Beak trimming has been the go to solution to prevent feather pecking in chickens and turkeys. However, since 2018 this is no longer allowed in the Netherlands. Scientists from Wageningen University are looking into improving chicken welfare by finding alternative measures to combat injurious pecking behaviour.
Feather pecking and cannibalism are common in chickens and can cause a lot of discomfort, some chickens literally peck each other to death. These behavioural problems seem to occur both in intensive farming systems and in organic and hobby poultry farms. There are many factors that can have an influence on severe feather pecking behaviour: the feed composition; the climate; the size of the group and the type of light in the house, to name a few. All of these factors can also influence one another. There doesn’t seem to be one stand-alone reason that can explain what causes the behaviour.
In most countries the tip of the beak is removed to minimise the effect of feather pecking. One method used is treating the beak with an infra-red beam. This method directs a strong source of heat into the inner tissues of the beak and within a week or 2 the tips of the upper and lower beak die and fall off, leaving the bird with a shorter beak and blunt tip.
Beak treatments are not allowed in the Netherlands and in some other Northern European countries anymore. The tip is sensitive and any kind of tissue removal is therefore considered undesirable in terms of animal welfare. This particular treatment is not only painful but it also doesn’t address the cause of feather pecking. It doesn’t reduce the feather pecking behaviour either, it merely prevents injuries.
Scientists from Wageningen University have been researching the many factors that influence feather pecking to improve chicken welfare.
Similar efforts have been undertaken in the UK, Sweden, Germany and several other countries. All these research groups came to the same conclusion that the solution can be found in the right mixture of nutrition, care, housing and modifying the genetics of chickens to reduce cannibalistic tendencies. The Dutch research team have been following several layer hen farmers who voluntarily stopped beak-trimming before it was actually banned. From rearing to the end of the laying period, the team looked at what the chickens were doing in the house, what management farmers applied and how much light, feed and litter the animals received.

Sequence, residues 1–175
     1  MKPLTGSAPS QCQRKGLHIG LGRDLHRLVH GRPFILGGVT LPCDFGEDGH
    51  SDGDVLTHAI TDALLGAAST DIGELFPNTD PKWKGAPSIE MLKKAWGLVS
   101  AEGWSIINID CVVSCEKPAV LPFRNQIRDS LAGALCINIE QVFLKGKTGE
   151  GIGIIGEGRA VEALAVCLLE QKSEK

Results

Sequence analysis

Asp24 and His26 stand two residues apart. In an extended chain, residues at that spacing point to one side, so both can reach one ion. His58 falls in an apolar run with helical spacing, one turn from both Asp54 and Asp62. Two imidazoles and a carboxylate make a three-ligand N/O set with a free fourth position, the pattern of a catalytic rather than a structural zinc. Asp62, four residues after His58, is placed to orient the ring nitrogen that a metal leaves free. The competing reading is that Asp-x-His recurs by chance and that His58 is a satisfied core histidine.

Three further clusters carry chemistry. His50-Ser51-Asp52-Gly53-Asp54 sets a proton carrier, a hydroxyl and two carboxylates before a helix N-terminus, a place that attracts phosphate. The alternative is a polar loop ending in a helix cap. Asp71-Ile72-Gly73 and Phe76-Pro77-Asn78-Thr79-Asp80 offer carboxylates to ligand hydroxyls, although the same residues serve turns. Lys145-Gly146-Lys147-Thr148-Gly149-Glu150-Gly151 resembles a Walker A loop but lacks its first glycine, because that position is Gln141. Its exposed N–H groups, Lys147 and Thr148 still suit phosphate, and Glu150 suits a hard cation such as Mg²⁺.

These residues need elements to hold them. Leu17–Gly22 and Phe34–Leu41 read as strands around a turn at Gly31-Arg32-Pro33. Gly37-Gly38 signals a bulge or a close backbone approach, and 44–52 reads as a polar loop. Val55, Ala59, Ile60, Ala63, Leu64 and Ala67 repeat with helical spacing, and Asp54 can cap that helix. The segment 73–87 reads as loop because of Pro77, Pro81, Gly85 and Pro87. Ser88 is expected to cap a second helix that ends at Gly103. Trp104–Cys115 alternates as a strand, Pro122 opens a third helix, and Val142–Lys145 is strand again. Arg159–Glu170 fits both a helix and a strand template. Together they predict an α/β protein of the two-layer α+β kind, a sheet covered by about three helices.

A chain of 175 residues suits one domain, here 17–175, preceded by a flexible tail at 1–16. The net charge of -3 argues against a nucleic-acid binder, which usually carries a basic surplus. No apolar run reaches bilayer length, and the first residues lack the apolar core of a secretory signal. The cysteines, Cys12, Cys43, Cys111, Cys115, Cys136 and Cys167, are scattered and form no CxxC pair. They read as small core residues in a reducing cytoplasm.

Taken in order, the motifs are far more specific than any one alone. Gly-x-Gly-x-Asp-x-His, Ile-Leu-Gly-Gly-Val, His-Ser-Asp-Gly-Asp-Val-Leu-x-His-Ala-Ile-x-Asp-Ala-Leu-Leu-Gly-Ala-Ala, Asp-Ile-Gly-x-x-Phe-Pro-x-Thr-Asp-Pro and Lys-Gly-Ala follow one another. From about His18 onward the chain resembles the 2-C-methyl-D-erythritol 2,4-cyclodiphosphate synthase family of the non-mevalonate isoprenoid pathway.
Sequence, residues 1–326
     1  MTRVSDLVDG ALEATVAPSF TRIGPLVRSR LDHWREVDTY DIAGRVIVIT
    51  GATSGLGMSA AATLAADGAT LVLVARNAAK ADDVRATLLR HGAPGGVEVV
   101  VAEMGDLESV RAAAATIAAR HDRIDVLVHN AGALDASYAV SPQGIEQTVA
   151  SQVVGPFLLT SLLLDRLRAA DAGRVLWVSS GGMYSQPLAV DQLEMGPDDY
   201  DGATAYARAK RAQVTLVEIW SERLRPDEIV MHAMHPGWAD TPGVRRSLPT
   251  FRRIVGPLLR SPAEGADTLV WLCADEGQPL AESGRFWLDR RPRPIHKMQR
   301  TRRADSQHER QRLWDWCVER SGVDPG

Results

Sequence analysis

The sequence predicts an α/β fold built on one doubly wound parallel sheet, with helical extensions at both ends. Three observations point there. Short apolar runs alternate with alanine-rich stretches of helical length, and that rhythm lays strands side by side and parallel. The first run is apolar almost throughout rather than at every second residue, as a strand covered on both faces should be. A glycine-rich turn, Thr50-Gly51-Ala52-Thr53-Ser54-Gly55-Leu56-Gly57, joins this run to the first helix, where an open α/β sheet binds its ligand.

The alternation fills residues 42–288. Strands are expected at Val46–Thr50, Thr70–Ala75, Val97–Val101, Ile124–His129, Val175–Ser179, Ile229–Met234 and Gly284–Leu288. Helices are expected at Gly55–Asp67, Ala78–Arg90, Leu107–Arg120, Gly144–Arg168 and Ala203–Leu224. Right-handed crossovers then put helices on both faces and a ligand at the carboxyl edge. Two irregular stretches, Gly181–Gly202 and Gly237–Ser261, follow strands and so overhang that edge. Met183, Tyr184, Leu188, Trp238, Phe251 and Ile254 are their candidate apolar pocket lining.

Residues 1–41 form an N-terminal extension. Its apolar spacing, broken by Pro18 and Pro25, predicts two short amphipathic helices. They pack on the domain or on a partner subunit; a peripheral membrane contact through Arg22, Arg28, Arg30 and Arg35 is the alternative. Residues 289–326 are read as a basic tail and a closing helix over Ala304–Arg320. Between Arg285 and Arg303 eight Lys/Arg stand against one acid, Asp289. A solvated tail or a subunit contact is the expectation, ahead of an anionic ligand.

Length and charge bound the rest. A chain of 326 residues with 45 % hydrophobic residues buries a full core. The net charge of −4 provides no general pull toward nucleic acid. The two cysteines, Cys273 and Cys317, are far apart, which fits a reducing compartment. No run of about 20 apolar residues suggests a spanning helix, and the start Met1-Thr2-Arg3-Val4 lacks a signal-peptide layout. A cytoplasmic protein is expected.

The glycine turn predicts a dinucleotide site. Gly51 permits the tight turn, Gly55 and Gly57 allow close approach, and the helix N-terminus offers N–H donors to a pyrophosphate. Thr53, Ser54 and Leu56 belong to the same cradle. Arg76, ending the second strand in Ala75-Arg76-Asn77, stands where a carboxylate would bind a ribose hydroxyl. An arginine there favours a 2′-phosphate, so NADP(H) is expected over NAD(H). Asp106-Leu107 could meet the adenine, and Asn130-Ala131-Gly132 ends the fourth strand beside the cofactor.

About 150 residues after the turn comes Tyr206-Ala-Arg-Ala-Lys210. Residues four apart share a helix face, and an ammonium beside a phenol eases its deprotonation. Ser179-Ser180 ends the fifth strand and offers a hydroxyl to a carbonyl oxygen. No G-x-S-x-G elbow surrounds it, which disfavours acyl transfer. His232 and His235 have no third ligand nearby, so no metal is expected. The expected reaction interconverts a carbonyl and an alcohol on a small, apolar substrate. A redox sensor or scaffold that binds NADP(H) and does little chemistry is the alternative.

One of the major outcomes from the various research groups is, that the rearing period is of the utmost importance; pullets that already start injurious pecking behaviour in the rearing period will continue this on in lay, whereas pullets that behave well in the rearing period, will most likely not start the pecking behaviour in the laying period.
The Animal Breeding and Genomics Centre of Wageningen University and Research, together with Dutch breeding company Hendrix Genetics, have been looking at the genetic component of mortality from feather pecking or cannibalism. As a result of the research they discovered that mortality from cannibalism has a hereditary compound, meaning a good breeding programme could reduce the problem.
The scientists also indicated that selecting for social behaviour would lead to a reduction in feather pecking.
If stress and anxiety could also be removed then the likelihood of the birds engaging in this excessive behaviour would also be reduced.